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BUFFY THE VAMPIRE SLAYER (2019-) #9 review



Buffy the Vampire Slayer (BOOM! Studios)

You can pickup your copy of Buffy the Vampire Slayer #9 now where all good comics are sold!


A HELLMOUTH TIE-IN! It’s up to the All-New Scooby Gang of Cordelia, Willow and Xander to save Sunnydale. There’s just one problem—the Hellmouth is spreading evil all over Sunnydale, putting everyone under its thrall. As the inhabitants of Sunnydale turn on one another, will the Scooby Gang be enough?


In the midst of a crisis, Buffy the Vampire Slayer, disappears down a side-street this month in order to tell some important stories on its supporting cast. As I discussed in my recent review of Angel #6 what is striking about both these issues is that their supporting casts are able to carry the story whilst the lead is entirely absent.

With Angel that meant building the relationships between those characters. Here in Buffy it’s more about breaking them down.

Despite boasting a much larger cast, Buffy is able to handle all of its characters delicately given that each appears to be in an emotionally difficult position.

What was interesting to me on first read was the lack of distinction between the adult and teen characters. Giles and Joyce both feature heavily but neither’s dilemma feels particularly “adult” over that of Xander and Willow. Conversely Willow’s break-up with Rose and Xander dealing with his inner demons is not treated as immature or juvenile by comparison.

Instead writer Jordie Bellaire treats all the characters as emotional equals. Though their social standing and background differ no character’s circumstances is treated with higher regard than the others. Bellaire’s approach takes inspiration from the work of Joss Whedon in crafting the franchise but treats it with a contemporary elegance befitting of this new version of the story.

That being said, this isn’t the happiest comic book you will read this week. None of these characters is in a good place so prepare to end the book feeling humble about your own issues. The old analogy of demons representing our own social and personal issues is, for the most part, thrown out the window and replaced by real demons.

I felt particularly for Joyce who, in the wake of the previous issues events, see’s herself as a failure as a mother and in business. It’s a far cry from Kristine Sutherland’s portrayal in the TV series but I’m impressed by the level of depth that Bellaire has afforded her across the opening nine issues of the series.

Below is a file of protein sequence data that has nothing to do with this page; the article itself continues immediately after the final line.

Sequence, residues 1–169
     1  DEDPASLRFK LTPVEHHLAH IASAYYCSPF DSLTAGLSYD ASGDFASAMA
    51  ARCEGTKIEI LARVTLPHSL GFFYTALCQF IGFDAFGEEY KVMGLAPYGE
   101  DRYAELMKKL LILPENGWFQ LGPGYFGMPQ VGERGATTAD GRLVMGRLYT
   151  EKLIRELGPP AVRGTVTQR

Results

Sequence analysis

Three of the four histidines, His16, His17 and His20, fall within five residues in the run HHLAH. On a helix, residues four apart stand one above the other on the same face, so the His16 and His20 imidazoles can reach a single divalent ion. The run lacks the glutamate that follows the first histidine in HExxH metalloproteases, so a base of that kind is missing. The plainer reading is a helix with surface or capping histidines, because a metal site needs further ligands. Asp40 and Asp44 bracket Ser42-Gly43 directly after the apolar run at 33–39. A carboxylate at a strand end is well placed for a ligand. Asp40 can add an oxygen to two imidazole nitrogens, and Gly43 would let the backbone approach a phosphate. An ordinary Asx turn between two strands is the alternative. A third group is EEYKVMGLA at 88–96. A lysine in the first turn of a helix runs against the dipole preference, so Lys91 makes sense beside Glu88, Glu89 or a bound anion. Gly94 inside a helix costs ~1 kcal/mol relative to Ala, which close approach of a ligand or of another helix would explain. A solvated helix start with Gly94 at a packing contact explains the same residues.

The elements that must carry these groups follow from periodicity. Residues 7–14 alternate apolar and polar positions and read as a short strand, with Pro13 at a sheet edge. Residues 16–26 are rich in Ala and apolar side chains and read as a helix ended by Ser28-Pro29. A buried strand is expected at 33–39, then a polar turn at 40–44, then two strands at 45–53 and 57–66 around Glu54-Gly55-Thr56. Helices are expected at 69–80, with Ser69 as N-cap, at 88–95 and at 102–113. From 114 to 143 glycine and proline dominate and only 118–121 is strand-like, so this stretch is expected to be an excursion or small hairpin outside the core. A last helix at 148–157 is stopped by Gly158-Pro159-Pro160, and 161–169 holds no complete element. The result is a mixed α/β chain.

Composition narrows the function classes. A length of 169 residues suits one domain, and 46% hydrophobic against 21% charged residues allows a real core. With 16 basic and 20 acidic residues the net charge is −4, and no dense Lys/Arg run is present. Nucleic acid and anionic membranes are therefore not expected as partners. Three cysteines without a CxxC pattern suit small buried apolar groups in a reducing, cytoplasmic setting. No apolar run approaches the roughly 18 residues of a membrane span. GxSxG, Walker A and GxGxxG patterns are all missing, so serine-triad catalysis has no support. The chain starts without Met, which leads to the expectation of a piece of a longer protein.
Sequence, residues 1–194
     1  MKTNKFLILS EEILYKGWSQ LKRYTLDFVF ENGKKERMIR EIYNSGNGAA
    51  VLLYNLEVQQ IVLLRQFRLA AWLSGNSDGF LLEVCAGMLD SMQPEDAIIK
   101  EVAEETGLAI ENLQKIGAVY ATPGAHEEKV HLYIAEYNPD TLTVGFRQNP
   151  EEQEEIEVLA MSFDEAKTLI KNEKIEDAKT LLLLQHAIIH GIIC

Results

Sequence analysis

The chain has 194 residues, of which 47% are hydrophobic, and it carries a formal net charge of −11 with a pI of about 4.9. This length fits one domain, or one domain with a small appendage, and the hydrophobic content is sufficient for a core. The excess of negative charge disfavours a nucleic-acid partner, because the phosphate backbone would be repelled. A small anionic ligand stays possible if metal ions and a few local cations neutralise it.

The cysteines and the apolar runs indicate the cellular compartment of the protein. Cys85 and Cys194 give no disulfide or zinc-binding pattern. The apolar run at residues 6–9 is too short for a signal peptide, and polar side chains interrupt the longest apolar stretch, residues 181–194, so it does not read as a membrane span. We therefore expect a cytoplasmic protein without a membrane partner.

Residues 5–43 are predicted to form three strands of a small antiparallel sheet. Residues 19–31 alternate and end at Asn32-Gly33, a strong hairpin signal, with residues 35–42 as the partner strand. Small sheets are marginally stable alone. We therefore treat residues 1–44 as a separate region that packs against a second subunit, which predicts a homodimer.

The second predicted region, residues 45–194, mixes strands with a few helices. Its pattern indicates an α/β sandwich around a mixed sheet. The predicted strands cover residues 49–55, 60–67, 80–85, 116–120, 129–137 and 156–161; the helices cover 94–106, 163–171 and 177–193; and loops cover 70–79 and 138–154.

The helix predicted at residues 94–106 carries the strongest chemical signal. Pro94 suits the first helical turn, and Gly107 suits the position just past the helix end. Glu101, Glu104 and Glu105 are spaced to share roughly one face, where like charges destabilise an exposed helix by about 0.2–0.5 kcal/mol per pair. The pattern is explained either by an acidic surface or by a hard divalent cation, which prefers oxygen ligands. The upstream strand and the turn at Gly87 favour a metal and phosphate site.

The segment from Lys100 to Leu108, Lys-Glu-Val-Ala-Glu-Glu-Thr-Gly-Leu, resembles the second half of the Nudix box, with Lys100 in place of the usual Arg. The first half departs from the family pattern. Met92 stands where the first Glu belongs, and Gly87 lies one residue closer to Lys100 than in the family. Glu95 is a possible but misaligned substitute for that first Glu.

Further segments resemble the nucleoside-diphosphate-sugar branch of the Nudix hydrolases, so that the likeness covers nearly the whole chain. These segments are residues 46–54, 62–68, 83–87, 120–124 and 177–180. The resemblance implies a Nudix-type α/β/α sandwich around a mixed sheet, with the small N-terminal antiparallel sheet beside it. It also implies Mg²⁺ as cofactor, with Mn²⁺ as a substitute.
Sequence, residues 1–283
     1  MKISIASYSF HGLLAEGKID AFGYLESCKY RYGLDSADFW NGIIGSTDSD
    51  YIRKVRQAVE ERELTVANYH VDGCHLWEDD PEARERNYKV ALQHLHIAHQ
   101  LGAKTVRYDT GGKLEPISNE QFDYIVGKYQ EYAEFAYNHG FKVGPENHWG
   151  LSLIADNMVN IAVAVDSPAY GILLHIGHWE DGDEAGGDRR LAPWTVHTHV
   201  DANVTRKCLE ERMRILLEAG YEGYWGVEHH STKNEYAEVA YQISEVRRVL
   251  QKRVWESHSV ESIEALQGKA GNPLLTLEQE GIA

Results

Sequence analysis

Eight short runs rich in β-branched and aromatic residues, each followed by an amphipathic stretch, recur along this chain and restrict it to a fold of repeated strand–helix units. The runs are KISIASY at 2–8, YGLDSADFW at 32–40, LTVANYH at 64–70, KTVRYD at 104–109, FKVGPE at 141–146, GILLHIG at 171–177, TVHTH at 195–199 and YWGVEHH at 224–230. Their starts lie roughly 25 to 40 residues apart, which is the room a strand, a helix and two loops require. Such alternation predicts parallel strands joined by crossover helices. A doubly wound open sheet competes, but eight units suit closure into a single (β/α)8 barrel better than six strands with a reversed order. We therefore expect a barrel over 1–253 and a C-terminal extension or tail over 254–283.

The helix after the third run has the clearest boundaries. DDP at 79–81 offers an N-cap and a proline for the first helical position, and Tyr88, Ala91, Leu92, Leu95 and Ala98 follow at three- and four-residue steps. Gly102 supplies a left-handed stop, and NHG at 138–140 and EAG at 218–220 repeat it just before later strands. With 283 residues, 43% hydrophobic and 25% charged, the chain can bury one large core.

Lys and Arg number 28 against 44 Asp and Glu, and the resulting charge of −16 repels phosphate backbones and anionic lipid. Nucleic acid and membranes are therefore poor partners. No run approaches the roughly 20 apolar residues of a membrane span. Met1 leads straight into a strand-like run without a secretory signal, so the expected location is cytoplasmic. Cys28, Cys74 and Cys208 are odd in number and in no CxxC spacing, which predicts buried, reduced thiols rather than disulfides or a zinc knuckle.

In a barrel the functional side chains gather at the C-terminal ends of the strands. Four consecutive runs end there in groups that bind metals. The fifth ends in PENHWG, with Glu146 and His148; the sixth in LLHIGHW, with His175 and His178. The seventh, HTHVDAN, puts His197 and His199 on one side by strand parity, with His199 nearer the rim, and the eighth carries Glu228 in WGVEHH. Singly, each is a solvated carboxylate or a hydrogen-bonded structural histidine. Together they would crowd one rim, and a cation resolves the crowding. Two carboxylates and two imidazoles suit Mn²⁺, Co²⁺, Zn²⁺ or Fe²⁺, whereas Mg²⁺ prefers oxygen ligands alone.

Willow and Xander’s circumstances feel intrinsically tied together following her losing a piece of her soul to keep him from becoming a full vampire. This issue presents both of them trying desperately to hold on to their humanity but it does so from very different angles.

Willow has lost something, a spark of life that she can’t quite put her finger on what it is but without it there seems to be very little left to live for. Breaking up Rose and Willow makes sense from the perspective of the character’s current behaviour but the moment feels a lost as we haven’t spent much time with them in the series to-date. Rose isn’t a well developed character and so there isn’t much emotional connection to her as a person.

Xander’s predicament is more complex in that he doesn’t necessarily understand fully what is happening inside. He was bitten, Willow and Buffy saved him but no he is neither fully human nor fully vampire. In this issue he is described as “unfinished” by a vampire and in many ways its true.

He’s lost his identity but no longer fits fully in to either society to be able to regain it. Once the Hellmouth event ends it will be interesting to see where his character goes. He won’t be able to identify with Angel and neither would he identify with the re-souled Spike. He is the first of his kind – that we know of – and that puts him on an entirely unique path.

The scenes with Giles were the most difficult to identify with in this issue. He seems aggrieved by everything about him. He argues with Xander and then continues to argue with Jenny and comes off the aggressor in both situations. Jenny questions his health and his sanity so I wonder if he is being influenced by an outside force. But for the most part it feels like his character is being written as almost the antithesis of how he was portrayed on the show and it’s not fully sitting comfortably with me.

It’s not all doom and gloom though. A very interesting stinger introduces a new character who can only be Kendra and I’m thoroughly intrigued by who she appears to think is her Watcher.

Well played Bellaire, you have me hooked!


BTVS #9 follows in the footsteps of Angel and crafts a solid story around the series’ supporting cast members. With the Slayer lost in the Hellmouth its reassuring to see characters like Xander, Giles and Willow are easily able to carry the book.


Buffy the Vampire Slayer #9 is written by Jordie Bellaire with art by Dan Mora and colours by Raul Angulo. Cover artwork is by Marc Aspinall.

Buffy the Vampire Slayer #9 cover art by Marc Aspinall

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